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For example, the following commands doesn't work. I wonder how to work around it, thanks.

[liuke@liuke-mbp ~]$ function showxx() { echo xx; }
[liuke@liuke-mbp ~]$ showxx
xx
[liuke@liuke-mbp ~]$ cat a.bash 
#!/bin/bash
showxx
[liuke@liuke-mbp ~]$ ./a.bash 
./a.bash: line 2: showxx: command not found
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3 Answers

up vote 4 down vote accepted

You need to export your functions. You can either export everything when it's created (my preference) with set -a, or you can export the functions individually with export -f showxx. Either will put it into the environment, and child shells will be able to pick them up.

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This is exactly what I want, thanks. –  icando Aug 3 '11 at 2:59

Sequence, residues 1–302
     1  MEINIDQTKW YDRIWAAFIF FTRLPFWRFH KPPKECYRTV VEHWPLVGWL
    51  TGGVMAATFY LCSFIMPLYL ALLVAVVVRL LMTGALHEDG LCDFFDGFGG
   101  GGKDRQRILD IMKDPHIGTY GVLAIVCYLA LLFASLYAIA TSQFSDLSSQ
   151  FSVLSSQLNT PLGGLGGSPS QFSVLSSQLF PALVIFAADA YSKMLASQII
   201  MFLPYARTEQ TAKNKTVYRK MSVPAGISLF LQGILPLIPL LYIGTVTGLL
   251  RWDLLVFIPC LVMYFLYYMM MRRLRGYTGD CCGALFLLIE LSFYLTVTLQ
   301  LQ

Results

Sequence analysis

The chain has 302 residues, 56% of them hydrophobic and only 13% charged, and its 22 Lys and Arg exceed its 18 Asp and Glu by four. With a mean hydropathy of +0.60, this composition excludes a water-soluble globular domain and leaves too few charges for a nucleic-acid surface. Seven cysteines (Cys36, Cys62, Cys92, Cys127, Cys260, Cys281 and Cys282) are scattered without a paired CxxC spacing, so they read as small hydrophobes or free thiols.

+1 to @evilotto : Didn't know about export -f. Thanks! –  shellter Aug 3 '11 at 3:27
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You have to define the function to appear in 'scope' of the local process.

When you enter a function onto the command line, it is now 'living' inside the terminal shell's copy of bash.

When you start a script, only variables that are marked with export are visible into the new copy of bash that is running as a child of the terminal. (We won't get into export right now ;-).

To get the function inside your script, you have to define it inside the script.

cat a.bash
#!/bin/bash
function showxx() { echo xx; }
showxx

OR you can put the function in a separate file and 'source' it (with '.'), so it as if it was inside the file, i.e.

 cat    showxx.bfn
 function showxx() { echo xx; }

 cat a.bash
 . showxx.bfn
 showxx

The extension .bfn is just something I use to help document what is inside the file, like bfn= 'bash function'.

The '.' is the source command.

I hope this helps.

P.S. as you appear to be a new user, if you get an answer that helps you please remember to mark it as accepted, and/or give it a + (or -) as a useful answer.

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Call your script with a preceeding dot and space.

. a.bash

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